On November 21, Orange County Commissioners voted 6-1 to ban smoking in most public places. Prior to the vote, the commissioners were presented with two gallon jars that contained more than 6,000 cigarette butts collected on Franklin Street in 2010. Commissioner Earl McKee cast the only vote against the ban because he believes the ordinance is too broad and represents government overreach.
The ban applies to all town or county-owned property, including sidewalks and parks, and also prohibits smoking on private property that is open to the public. Smoking will be allowed in private residences and vehicles, along with certain private clubs, tobacco shops, and some lodging accommodations. State-owned facilities, including the University of North Carolina at Chapel Hill, will continue to operate under their existing smoking regulations.
Although the ban will take effect on January 1, 2013, it will not be enforced until July 1, 2013. For the first six months, officials will remove public ashtrays, post signs, and educate the public. The focus of the law is education rather than punishment, and violators will be issued a $25 fine.
“This is not intended in any way as a punitive rule,” said Orange County Board of Health member Corey Davis. “There’s overwhelming evidence that decreasing smoking rates and secondhand smoke benefits health, and we just see this rule as another tool for us to do that.”
The ultimate goals of the ordinance include reducing the effects of secondhand smoke, discouraging people from smoking, and reducing cigarette butt litter. According to Orange County Health Department spokeswoman Stacy Shelp, secondhand smoke exposure increases rates of asthma attacks, heart disease, and cancer. Shelp also noted, “We know rules like this help people quit, it motivates them to quit smoking, but it helps youths not start.”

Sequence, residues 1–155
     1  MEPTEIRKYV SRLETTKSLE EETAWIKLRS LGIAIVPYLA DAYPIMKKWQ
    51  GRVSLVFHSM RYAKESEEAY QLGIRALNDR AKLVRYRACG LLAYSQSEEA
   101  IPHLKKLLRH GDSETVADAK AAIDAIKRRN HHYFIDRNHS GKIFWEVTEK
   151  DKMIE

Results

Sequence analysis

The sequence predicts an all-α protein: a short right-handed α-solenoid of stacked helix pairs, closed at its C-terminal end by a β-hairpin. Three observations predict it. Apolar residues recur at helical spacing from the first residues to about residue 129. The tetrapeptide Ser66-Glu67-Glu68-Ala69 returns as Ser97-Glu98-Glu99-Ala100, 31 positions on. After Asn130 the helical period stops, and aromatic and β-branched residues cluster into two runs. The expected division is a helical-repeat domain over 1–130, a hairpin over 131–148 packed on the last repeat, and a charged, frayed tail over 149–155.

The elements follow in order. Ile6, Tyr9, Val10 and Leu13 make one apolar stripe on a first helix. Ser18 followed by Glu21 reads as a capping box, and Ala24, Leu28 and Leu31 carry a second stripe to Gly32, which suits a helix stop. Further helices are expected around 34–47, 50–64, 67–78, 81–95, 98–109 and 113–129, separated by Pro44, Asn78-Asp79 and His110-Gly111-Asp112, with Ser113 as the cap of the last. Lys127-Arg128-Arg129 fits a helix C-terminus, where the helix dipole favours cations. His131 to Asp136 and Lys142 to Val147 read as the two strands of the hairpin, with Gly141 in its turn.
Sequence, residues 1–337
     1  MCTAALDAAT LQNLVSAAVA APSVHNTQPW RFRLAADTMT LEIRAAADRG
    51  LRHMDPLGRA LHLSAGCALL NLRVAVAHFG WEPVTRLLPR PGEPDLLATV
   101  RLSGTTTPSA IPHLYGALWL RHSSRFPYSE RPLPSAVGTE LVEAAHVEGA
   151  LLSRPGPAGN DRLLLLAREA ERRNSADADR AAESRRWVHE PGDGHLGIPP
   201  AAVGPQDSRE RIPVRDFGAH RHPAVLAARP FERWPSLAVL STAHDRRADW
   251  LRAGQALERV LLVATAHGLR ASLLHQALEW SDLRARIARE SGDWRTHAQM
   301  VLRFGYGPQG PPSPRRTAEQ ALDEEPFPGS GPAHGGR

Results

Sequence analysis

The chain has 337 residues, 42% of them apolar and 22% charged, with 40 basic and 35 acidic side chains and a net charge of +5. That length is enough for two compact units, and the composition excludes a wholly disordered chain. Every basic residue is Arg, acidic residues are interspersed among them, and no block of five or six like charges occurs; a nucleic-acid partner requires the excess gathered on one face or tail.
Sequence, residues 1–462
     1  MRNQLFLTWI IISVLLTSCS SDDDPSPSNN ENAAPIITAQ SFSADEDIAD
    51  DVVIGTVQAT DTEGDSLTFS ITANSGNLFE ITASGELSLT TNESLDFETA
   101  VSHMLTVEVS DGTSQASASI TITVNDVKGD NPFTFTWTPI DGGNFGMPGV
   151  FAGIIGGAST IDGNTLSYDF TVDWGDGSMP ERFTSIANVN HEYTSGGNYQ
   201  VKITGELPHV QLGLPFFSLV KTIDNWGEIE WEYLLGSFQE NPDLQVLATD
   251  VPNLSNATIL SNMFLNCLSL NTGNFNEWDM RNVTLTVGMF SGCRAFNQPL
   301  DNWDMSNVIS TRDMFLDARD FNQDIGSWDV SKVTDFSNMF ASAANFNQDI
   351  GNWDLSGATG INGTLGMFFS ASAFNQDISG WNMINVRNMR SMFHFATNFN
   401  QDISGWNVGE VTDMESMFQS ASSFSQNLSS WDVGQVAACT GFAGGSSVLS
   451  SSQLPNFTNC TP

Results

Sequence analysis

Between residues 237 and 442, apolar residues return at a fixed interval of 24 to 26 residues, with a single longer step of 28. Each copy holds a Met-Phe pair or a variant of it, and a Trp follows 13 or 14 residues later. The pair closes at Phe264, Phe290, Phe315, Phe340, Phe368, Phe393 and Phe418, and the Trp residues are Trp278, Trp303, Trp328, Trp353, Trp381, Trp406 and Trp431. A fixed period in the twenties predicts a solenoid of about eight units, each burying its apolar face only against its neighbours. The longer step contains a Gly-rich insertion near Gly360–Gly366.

The ban is nearly identical to an ordinance that went into effect on August 1, 2012, in Durham County, which is complaint-driven. Although the Durham County Health Department has received daily calls reporting public smoking, no fines have been issued as the County instead sends a team of educators into the community to raise awareness of smoking cessation programs.
Orange County Commissioner Steve Yuhasz is hopeful that citizens will obey the ordinance. “There are a wide range of places where people have smoke imposed on them against their will,” Yuhasz said. “The purpose of this rule is to minimize those kinds of activities, to protect people who don’t want to smoke and who don’t want to smoke other people’s smoke.”
On December 10, the Hillsborough Town Board expressed concern over whether the county ordinance can be enforced within the town. The county ban goes beyond the Hillsborough smoking laws already in place, notably outlawing outdoor cigarette use in public right-of-ways and on sidewalks controlled, maintained, or owned by the town. Hillsborough Mayor Tom Stevens supports the health issues behind the ban, but is concerned with possible unintended consequences.
Although the Orange County Health Department claims the ordinance is enforceable within the corporate limits of towns within the county, Hillsborough town attorney Bob Hornik said there remains a question whether the ordinance is enforceable without town boards adopting resolutions accepting the ban. Another uncertainty involves whether the Orange County Sheriff’s Office or town police departments will enforce the ban.
Past Smoking Ban Challenges
In early November, the United States Court of Appeals for the Eighth Circuit rejected a constitutional challenge to an outdoor smoking ban in Clayton, Missouri. The court held that the city had a rational basis to restrict smoking in parks, and that smoking is not a fundamental right. This ruling affirmed an earlier decision by the District Court.
The Clayton Board of Aldermen enacted an ordinance prohibiting smoking “in or on any property or premises owned or leased for use by the City of Clayton, including buildings, grounds, parks, [and] playgrounds.” Clayton resident Arthur Gallagher challenged the ordinance as a civil rights violation under the Missouri Constitution and the United States Constitution. He asked the courts to recognize smoking as a fundamental right and claimed the ordinance would fail under rational basis review “because the health threat of secondhand smoke from outdoor tobacco use is de minimis.” Gallagher also argued that the ordinance unfairly targeted smokers but failed to address other sources of air pollution, such as exhaust from nearby vehicles.
“We need not determine whether outdoor secondhand smoke exposure actually causes harm. Because the City reasonably could believe this to be true, the Ordinance survives,” Judge Riley wrote. “The alleged right to smoke in public is not so deeply rooted in the Nation’s history and tradition, and it is not implicit in the concept of ordered liberty.”